Jesus wept at the news of the death of his friend Lazarus. It is one of only two times in the Gospels when Jesus shows the emotion that may have swelled in us with the news of Father’s death. Prior to that incident and early in his ministry he showed His remarkable compassion and understanding in confronting grief – the raising back to life of the son of the widow of Nain. In a foreshadowing of how countless centuries of his followers would react to death, he was first “moved with pity” and spoke with both compassion and empathy to the yound man’s mother “do not weep.” He raised the dead man back to life, foreshadowing that resurrection, which will follow all human death when we will be raised again to new life. When the Lord comes for the just man or woman, it can be said truly “God has visited his people.”[Luke 7:11-17].
Today Jesus is saying to you George and Wanda Rozycki, Father’s parents, do not weep. He has visited George and taken him to Himself. He affirms to you, his brothers, nieces and nephews, that after forty-one years of priestly service, the High Priest Himself has taken ownership of your brother and uncle and given to him the rest he sought. He has said to you the people of St. Joseph parish, your pastor’s body may have been full of cancer but there is no cancer to be found on this community of faith, this parish which he has sustained for the past twelve years. God has visited his people. On Monday in a manner we cannot fully comprehend, he said to your shepherd, “young man, I tell you arise.” Dear brother priests and deacons, we too know not the time or the place but with George’s faith in the Lord, we must echo his testimony, “I do not fear death.” His example of service, his sense of humor and emotional stability, his love and support for many priests who have passed through this parish give me both example and hope that whenever my moment comes, I too might be ready as I believe he was.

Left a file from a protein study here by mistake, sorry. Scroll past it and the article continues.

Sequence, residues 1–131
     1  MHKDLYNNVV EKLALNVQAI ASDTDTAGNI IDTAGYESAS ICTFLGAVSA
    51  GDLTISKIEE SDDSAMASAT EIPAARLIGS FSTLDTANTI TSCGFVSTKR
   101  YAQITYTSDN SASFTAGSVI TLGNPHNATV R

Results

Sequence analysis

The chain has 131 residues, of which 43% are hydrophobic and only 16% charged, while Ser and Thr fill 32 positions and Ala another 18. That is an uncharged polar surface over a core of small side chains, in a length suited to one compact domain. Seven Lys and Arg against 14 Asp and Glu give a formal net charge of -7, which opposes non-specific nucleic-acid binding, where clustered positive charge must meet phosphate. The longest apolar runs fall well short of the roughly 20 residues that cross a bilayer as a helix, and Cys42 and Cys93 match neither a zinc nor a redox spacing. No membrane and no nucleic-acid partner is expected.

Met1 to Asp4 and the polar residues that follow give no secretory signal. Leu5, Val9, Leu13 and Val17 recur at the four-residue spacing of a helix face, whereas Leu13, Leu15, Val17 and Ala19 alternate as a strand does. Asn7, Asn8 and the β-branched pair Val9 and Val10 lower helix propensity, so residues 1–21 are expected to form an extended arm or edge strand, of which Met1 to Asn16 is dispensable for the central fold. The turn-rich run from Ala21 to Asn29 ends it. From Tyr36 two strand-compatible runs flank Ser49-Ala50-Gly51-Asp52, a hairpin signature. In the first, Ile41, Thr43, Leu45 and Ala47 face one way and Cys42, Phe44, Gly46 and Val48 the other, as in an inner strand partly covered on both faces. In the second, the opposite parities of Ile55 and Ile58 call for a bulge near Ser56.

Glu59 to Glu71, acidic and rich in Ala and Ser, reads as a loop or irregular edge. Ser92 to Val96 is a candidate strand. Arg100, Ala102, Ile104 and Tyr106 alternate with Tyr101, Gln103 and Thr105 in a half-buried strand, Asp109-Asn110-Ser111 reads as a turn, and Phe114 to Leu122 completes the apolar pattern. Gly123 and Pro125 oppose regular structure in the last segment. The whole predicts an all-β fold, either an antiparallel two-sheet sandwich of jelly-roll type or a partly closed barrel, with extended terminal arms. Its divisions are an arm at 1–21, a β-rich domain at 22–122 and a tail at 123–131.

Thank you Fathers Theo and Matthew for lovingly guiding this parish while your pastor was away and unable, thank you Theresa for caring for him and St. Joseph’s so competently and lovingly and thank you Almighty God for sharing Father George with us and taking him when and how you did. In his death we proclaim with new meaning: thy kingdom come, thy will be done.
And as for you, dear George, REST, REST IN PEACE. AMEN.